Like you, I will pay a high price for something that will last and cheap for fashion items. I buy things I can mix and max and I change how they look by using accessories.

    Apparently many people are now customising their old clothes and making them into something different. I’ve tried to search this online but the information is limited. But there seems to be plenty of books on Amazon to show you how to do it.

    • vered says:

      Back in the sixties, my mom used to have a trusted seamstress who altered clothes for her, even copied designs from fashion magazines at a fraction of the cost (think cute mini dresses in geometric prints). But seamstresses seem to be an endangered species these days. πŸ™

  • Jenna says:

    I hate to say it but watching What Not To Wear has helped me pick better clothes while shopping and figure out new ways to wear clothes that I already own.

  • Cd Phi says:

    As a fashionista, I basically HAVE to dress on a budget. In addition to buying lots of basics that you can mix up, another important thing to do is accessorize those basics. Lots of retailers now offer gorgeous earrings and necklaces that will really help to make your basic piece a statement now. Bright, bold accessories are the way to go.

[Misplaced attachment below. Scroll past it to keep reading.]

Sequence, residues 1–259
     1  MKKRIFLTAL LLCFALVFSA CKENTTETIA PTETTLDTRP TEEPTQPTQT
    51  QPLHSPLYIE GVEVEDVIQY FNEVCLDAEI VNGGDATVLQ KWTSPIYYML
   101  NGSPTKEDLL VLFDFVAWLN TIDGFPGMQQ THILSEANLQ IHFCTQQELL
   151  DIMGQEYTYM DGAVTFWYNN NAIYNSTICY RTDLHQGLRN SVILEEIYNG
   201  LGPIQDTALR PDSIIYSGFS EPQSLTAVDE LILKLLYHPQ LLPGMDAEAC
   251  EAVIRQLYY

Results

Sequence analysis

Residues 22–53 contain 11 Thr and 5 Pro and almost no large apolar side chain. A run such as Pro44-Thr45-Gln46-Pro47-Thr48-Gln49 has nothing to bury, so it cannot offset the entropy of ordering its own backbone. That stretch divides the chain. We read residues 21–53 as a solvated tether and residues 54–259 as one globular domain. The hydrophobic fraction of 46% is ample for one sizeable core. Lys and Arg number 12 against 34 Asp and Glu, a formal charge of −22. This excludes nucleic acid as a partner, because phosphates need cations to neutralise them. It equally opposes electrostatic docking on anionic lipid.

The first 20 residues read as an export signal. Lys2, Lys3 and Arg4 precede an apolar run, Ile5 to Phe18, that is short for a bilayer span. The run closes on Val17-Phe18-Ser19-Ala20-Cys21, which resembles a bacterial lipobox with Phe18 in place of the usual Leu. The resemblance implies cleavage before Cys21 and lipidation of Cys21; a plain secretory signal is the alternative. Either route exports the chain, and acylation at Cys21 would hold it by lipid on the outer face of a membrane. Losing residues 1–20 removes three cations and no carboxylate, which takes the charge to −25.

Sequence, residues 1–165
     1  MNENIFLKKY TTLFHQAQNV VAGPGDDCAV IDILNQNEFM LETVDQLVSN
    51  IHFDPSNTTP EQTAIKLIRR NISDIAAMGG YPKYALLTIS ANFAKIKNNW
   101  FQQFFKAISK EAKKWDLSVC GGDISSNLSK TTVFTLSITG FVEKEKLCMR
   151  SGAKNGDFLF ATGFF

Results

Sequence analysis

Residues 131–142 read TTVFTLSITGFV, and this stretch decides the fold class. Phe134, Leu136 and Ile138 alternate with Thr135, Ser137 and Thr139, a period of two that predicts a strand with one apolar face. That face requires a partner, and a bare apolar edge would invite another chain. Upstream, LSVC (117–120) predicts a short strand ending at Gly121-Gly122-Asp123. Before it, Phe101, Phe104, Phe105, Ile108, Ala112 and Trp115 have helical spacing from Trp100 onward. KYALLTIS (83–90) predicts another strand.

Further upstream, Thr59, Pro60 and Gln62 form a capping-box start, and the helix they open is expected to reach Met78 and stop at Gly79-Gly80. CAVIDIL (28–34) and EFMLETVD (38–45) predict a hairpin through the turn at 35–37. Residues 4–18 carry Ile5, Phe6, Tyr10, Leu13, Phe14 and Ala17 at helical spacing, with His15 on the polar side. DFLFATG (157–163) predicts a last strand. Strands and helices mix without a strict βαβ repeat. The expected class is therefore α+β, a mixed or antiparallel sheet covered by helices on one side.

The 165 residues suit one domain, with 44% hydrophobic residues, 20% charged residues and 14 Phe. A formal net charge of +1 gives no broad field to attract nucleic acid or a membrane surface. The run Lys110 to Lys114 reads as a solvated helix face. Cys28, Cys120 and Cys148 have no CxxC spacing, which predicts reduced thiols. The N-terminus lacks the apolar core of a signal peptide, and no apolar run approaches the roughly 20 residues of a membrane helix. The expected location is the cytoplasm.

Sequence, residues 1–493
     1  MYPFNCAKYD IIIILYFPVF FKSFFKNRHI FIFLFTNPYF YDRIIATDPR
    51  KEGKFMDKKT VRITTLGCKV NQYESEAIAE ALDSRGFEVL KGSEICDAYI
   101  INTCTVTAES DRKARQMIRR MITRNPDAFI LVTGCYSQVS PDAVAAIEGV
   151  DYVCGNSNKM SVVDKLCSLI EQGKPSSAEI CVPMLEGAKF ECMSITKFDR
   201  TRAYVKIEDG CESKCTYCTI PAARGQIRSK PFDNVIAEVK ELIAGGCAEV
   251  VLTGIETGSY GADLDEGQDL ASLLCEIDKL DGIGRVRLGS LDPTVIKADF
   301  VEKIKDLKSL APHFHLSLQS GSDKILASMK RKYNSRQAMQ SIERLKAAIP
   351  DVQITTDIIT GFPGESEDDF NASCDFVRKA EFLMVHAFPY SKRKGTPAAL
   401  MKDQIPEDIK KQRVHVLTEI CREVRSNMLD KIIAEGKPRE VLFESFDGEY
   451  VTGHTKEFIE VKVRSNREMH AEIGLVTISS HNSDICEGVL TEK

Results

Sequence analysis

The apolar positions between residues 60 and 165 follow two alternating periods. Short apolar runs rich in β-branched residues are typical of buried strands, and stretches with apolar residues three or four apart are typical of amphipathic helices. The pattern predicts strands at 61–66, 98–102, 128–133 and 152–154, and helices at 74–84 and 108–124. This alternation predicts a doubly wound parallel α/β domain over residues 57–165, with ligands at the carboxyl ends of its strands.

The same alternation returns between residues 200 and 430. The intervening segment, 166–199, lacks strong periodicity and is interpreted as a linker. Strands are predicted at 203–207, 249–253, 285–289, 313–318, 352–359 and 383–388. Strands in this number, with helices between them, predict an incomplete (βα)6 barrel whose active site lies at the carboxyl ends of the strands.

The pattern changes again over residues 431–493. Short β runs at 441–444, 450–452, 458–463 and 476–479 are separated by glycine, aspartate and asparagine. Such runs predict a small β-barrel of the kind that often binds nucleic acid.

• MoneyNing says:

    I just wear black because it hides the fact that I’m overweight. Maybe if I start wearing white everyday, I will actually go exercise.

    • vered says:

      Hmmm. You can’t be THAT overweight if your pictures don’t show it. Should be easy to lose the weight if you don’t have too much to lose. My husband lost 20 pounds about 3 years ago, slowly and gradually. Took him 6 months. Change of habits mostly – ate less, exercised more (duh.) – he said that after the first 2 weeks, it became easy. The first 2 weeks were hard – hunger pangs, cravings.

      • MoneyNing says:

        Ha that’s why all my pictures only show the FACE, and for all you know, the pictures could be taken a decade ago when I was still fit..

        Actually, I know there’s no magic to weight loss. It’s like personal finance. You just need to do it.

  • laura @ no more spending says:

    I wear a lot of black and grey too, always seems to look smart and classic.

    Great post Vered.

  • vered says:

    Black is so EASY, it’s ridiculous. πŸ™‚

  • Miranda says:

    I wear a lot of black and gray. πŸ™‚ And I like the idea of going for classics rather than always relying on trends.